In several cases, the registered parties are regional affiliates or branches of a nationwide party.
Some of the organizations listed are not political parties per se. For example, a handful of youth wings of political parties are listed.
Parties listed in the order by which they were registered.List of water parks in Europe
The following is a list of water parks in Europe sorted by region.Luis Pizano
Luis Pizaño (died 5/10/1550 Laredo-España-Spain) was a Spanish Captain General of Artillery and military engineer. He is best known for his work on the fortifications of Catalonia and the Basque Country. In 1540, he sent a report to the Council informing them that the fortifications of San Sebastián were in a poor state and should be extended. He took part in the reconstruction of the San Sebastian murallas between 1542 and 1544.
Charles V let Pizaño assume responsibility for the construction of the Castell de la Trinitat and other building projects in Roses, Girona in 1543. Construction of the Castell de la Trinitat commenced on 2 January 1544 and was completed in mid-1551 after Pizaño's death by the Italian engineer Pietro di Giacomo Cataneo.Rhode
Rhode may refer to:
In Greek mythology:Rhodos, goddess and personification of the island of Rhodes
Rhode, one of the fifty daughters of DanausRhode (spider), a genus of spiders
Rhode, County Offaly, an Irish town
Rhode, now Roses, Girona, Spain
Rhode, a suburb of Olpe, Germany
Rhode River, Maryland
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Rosas may refer to:
Rosas (surname), a Spanish surname, including a list of people with the name
Rosas (Madrid), a ward in San Blas-Canillejas district, Madrid, Spain
Rosas, Cauca, a town and municipality in Colombia
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"Rosas", a song by La Oreja de Van Gogh from Lo Que te Conté Mientras te Hacías la DormidaSiege of Roses (1808)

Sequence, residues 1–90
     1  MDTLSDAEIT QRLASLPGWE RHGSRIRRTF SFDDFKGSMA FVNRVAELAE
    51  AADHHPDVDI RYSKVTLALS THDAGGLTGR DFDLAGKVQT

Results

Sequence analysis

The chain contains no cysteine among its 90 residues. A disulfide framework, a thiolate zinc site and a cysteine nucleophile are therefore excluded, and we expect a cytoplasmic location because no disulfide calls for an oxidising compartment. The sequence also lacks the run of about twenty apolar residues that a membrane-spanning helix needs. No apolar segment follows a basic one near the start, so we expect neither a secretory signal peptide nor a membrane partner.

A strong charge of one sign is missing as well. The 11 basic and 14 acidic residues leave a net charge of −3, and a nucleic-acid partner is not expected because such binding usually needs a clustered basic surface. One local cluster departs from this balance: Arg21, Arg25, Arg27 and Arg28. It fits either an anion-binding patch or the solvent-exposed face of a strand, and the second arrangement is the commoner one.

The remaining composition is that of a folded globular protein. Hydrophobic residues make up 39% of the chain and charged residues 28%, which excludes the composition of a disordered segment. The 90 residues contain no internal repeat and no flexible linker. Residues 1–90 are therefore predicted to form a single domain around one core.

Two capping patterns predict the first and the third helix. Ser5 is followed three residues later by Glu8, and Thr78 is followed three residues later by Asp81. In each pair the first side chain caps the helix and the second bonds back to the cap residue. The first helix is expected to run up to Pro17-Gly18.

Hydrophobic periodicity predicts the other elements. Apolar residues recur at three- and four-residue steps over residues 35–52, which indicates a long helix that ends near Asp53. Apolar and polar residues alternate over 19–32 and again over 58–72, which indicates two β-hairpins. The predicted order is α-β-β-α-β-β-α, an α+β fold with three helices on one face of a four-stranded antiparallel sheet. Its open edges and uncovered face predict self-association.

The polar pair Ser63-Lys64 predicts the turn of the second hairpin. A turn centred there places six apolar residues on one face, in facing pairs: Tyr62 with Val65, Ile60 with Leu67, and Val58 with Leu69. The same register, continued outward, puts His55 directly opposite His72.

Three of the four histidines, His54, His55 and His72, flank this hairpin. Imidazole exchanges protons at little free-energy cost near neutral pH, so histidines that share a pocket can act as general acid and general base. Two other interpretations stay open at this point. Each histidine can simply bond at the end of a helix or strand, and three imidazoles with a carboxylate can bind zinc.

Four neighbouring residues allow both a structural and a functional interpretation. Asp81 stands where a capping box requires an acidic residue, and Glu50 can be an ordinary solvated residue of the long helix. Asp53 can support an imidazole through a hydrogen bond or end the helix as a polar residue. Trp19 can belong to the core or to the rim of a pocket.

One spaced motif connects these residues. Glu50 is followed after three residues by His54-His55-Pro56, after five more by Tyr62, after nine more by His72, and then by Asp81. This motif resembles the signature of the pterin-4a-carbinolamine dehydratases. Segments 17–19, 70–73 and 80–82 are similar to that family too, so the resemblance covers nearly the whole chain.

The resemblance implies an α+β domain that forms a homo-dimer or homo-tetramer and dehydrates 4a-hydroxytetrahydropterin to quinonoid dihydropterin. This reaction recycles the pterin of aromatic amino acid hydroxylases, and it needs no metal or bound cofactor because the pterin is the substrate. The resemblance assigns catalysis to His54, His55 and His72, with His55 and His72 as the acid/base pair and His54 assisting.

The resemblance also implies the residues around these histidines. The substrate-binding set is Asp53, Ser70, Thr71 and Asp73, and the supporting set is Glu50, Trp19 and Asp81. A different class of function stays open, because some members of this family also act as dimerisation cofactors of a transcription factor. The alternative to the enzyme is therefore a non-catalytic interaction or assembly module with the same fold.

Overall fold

The Siege of Roses or Siege of Rosas from 7 November to 5 December 1808 saw an Imperial French corps led by Laurent Gouvion Saint-Cyr invest a Catalan and Spanish garrison commanded by Peter O'Daly. After a siege lasting a month in which the haven and town of Rosas was captured and the nearby Trinity Castle invested by over 13,000 French and Italian infantry, artillery and cavalry with heavy siege trains on the hills above, the Citadel was surrendered to the Napoleonic forces. Roses (Rosas) is located 43 kilometres (27 mi) northeast of Girona (Gerona), Spain. The action occurred during the Peninsular War, part of the Napoleonic Wars.
In the summer and fall of 1808, an Imperial French corps under Guillaume Philibert Duhesme was isolated in Barcelona by a 24,000-man Spanish army led by Juan Miguel de Vives y Feliu. With 23,000 men, Gouvion Saint-Cyr moved from the French border to relieve Duhesme's troops. The first obstacle to Gouvion Saint-Cyr's mission was the haven of Rosas defended by a large citadel with sea approaches defended by a headland castle. The 3,500 Catalan and Spanish defenders of Roses were mostly local miquelets (militia) stiffened by a small unit of regulars from the Fija de Roses garrison. Although assisted by a bombardment of the French lines by several British warships commanded by Captain Robert Hallowell, and a strong defence of the castle by Catalan regulars and militia with men of the 38-gun frigate HMS Imperieuse commanded by Thomas Cochrane, the garrison was unable to prevent the advance of the Franco-Italian siege lines tightening its grip around the citadel. The defenders eventually capitulated, the soldiers and civilians inside the citadel being taken into captivity in Figueres and the local defenders of the castle being taken by the British to join Vives' Spanish forces in the marshes to the south. Gouvion Saint-Cyr still faced the problem of getting past Girona in order to succor Duhesme's soldiers. The French general made a bold but risky maneuver and the result was the Battle of Cardadeu on 16 December.Structure of the Spanish Air Force
The article provides an overview of the entire chain of command and organization of the Spanish Air Force as of 2018 and includes all currently active units. The Spanish Air Force is commanded by the Air Force Chief of Staff or "Jefe de Estado Mayor" (JEMA) in Madrid.
The source for this article is the organization section on the website of the Spanish Air Force.
Places adjacent to Roses, Girona
Municipalities of Alt Empordà